To all those who have stayed up at night watching inspirational documentaries, you may have heard of “Gridiron Gang.” This made-for-TV film follows a dedicated football coach as he attempts to instill self-efficacy in a group of inmates at a juvenile detention center by creating a team. The story was so gripping it won an Emmy in 1993.
Now, years later, Columbia Pictures has deemed the story worthy enough to be adapted to the big screen. Picking up somewhere in between “The Longest Yard” and “Remember the Titans,” “Gridiron Gang” is a clich?d yet inspirational story that is sure to pluck every last one of your heartstrings despite how hard you resist.
The film stars Dwayne “The Rock” Johnson as Sean Porter, a hard-ass officer with a heart of gold at a correctional camp for juvenile delinquents. With a 75 percent recidivism rate for these young offenders, Porter attempts to curb their more homicidal tendencies by teaching them how to toss the pigskin. It’s a win-win situation - not only does he teach these kids teamwork, respect for authority and all that good stuff, but Porter can relive his dashed hopes and dreams of football glory through assembling this ragtag team of thieves and serial killers and turning them into champions.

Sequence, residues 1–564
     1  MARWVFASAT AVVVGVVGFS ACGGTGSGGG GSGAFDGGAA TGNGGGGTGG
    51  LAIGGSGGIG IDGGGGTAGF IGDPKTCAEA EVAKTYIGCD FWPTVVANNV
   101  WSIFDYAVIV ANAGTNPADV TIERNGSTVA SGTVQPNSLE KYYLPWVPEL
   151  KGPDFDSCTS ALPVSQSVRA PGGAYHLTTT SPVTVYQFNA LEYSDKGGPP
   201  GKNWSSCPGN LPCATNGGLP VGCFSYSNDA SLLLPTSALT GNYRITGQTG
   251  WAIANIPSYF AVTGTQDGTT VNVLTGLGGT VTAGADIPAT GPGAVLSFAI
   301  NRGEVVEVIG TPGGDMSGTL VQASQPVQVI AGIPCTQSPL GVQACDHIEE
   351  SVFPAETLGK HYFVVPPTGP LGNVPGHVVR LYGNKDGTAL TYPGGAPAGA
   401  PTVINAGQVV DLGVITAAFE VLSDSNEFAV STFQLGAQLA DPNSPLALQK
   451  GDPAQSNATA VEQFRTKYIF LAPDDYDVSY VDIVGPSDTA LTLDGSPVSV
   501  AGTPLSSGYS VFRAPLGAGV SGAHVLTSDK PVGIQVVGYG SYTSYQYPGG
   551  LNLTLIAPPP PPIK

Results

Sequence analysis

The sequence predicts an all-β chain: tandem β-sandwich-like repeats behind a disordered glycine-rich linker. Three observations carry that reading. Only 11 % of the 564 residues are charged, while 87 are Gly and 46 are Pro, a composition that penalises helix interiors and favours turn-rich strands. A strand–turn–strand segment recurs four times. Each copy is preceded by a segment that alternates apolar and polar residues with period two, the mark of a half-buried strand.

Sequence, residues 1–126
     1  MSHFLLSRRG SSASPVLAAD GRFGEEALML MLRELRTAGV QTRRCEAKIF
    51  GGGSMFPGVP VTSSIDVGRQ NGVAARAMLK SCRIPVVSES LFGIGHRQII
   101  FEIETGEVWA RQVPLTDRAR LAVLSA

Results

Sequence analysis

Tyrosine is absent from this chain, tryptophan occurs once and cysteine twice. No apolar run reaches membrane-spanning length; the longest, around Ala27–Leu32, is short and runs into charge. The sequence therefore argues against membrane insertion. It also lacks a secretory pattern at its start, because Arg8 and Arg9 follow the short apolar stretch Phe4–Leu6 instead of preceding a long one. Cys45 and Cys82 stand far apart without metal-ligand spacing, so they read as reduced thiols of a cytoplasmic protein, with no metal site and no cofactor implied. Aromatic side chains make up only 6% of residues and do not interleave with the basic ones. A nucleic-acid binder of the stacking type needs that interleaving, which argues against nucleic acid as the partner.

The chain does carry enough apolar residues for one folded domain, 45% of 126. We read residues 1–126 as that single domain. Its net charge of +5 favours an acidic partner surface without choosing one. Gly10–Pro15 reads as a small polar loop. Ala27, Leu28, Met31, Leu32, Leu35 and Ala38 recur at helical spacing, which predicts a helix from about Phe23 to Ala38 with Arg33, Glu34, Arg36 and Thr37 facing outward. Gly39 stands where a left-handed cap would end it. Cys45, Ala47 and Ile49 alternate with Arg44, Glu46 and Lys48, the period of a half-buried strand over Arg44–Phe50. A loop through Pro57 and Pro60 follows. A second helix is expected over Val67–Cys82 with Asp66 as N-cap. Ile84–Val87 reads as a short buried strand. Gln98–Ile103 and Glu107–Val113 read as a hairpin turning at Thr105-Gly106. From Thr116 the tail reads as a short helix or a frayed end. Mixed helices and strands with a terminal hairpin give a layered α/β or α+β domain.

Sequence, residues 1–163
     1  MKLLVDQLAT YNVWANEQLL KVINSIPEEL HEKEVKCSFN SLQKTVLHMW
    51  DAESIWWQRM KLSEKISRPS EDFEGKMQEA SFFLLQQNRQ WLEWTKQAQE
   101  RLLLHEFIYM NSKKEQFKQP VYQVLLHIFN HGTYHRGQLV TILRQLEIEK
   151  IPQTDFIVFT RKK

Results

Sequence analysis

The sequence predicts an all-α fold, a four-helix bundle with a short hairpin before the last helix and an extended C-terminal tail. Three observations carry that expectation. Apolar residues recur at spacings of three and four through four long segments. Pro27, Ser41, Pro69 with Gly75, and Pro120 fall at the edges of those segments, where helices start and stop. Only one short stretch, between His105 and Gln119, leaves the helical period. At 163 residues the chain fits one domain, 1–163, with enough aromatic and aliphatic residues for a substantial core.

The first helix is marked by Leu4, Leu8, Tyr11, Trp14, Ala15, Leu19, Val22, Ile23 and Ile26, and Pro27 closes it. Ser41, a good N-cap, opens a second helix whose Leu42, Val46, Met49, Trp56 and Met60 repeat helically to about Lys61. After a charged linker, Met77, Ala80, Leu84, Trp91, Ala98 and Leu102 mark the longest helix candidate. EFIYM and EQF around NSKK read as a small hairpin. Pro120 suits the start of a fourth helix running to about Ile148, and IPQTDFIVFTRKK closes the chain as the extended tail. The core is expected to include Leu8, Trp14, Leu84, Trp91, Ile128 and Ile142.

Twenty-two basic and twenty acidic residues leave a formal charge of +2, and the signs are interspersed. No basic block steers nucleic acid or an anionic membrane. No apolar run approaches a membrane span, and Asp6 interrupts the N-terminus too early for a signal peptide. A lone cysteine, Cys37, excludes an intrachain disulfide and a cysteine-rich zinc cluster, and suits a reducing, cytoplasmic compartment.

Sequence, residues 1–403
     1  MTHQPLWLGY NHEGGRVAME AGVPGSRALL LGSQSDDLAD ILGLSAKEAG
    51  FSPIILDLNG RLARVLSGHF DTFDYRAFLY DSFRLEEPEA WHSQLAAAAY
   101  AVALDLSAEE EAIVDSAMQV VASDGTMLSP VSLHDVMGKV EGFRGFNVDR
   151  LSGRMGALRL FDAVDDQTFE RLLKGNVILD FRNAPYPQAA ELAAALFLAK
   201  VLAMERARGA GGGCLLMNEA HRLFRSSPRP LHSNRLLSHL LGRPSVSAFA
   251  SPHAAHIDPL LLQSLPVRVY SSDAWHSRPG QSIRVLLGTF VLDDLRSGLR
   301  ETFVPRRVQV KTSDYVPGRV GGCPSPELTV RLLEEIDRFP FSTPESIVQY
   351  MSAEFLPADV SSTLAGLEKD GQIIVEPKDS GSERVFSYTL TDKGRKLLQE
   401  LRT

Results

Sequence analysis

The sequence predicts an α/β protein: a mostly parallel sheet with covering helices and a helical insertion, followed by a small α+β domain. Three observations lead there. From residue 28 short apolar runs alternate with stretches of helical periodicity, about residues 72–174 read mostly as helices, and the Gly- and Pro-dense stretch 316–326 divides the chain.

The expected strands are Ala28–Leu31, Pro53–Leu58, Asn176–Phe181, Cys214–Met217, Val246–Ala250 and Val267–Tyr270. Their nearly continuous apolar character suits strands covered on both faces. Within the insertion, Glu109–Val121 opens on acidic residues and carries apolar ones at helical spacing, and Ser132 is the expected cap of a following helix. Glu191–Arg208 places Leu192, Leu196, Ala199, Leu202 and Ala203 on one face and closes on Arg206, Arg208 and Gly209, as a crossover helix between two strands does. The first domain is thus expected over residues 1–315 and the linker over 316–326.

“Gridiron Gang” is a veritable cornucopia of clich?s with a dialogue that sounds as if someone had written down the morphine-induced ramblings of Vince Lombardi on his deathbed. As shown through various workout montages, these kids are transformed from a group of losers into winners who, shockingly enough, pull through in the last few seconds of the big game to beat their white suburban rivals, thanks to the pearls of wisdom passed onto them from Xzibit and The Rock.
In an unlikely twist, these kids end up teaching Coach Porter a thing or two as he finally resolves his pent-up daddy issues by acting as a father figure for the convict Willie Weathers.
“Gridiron Gang” also showcases a feeble attempt for The Rock’s transition into acting. Clearly trying to add to his canon, this film shows that Johnson is not just “The Scorpion King” - he can also display emotions such as sadness while lamenting over the slow deterioration of his mother’s health due to some unnamed illness.
All in all, the movie is confused. It markets itself as a lighthearted football flick featuring kids who made some bad decisions in need of a second chance. In reality, the kids on this team are legitimate murderers who, as we see by the where-are-they-now credits, later return to their respective gangs or are shot down in a hail of gunfire. Not only does this negate the whole theme of the film - that football eliminates gang violence - but it’s simply unnecessary. Perhaps the audience should have been left still wondering. Regardless, a few years from now this film will be shown in high school health classes across the country, teaching kids about teamwork, respect for authority and everything you should’ve learned in kindergarten.
Promotional passes to a free screening of “Gridiron Gang” tonight at 7:30 at the AMC Mazza Gallery theaters in Friendship Heights are still available in The Eagle’s business office.